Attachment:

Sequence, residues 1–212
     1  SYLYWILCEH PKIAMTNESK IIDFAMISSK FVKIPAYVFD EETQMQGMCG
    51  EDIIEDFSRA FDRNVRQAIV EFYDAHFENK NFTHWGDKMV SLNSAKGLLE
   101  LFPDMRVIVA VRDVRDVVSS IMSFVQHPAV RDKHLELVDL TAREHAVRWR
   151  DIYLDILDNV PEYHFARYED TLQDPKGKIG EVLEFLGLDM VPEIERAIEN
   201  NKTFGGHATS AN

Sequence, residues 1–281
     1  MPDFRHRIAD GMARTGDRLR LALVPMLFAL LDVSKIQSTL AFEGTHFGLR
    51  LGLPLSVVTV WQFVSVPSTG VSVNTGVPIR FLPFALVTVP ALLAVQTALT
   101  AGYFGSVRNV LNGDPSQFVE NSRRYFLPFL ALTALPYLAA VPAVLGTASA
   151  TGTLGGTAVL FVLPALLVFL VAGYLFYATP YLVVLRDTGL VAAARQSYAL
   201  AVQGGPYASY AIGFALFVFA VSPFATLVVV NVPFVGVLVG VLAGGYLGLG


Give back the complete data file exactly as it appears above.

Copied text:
Sequence, residues 1–212
     1  SYLYWILCEH PKIAMTNESK IIDFAMISSK FVKIPAYVFD EETQMQGMCG
    51  EDIIEDFSRA FDRNVRQAIV EFYDAHFENK NFTHWGDKMV SLNSAKGLLE
   101  LFPDMRVIVA VRDVRDVVSS IMSFVQHPAV RDKHLELVDL TAREHAVRWR
   151  DIYLDILDNV PEYHFARYED TLQDPKGKIG EVLEFLGLDM VPEIERAIEN
   201  NKTFGGHATS AN

Sequence, residues 1–281
     1  MPDFRHRIAD GMARTGDRLR LALVPMLFAL LDVSKIQSTL AFEGTHFGLR
    51  LGLPLSVVTV WQFVSVPSTG VSVNTGVPIR FLPFALVTVP ALLAVQTALT
   101  AGYFGSVRNV LNGDPSQFVE NSRRYFLPFL ALTALPYLAA VPAVLGTASA
   151  TGTLGGTAVL FVLPALLVFL VAGYLFYATP YLVVLRDTGL VAAARQSYAL
   201  AVQGGPYASY AIGFALFVFA VSPFATLVVV NVPFVGVLVG VLAGGYLGLG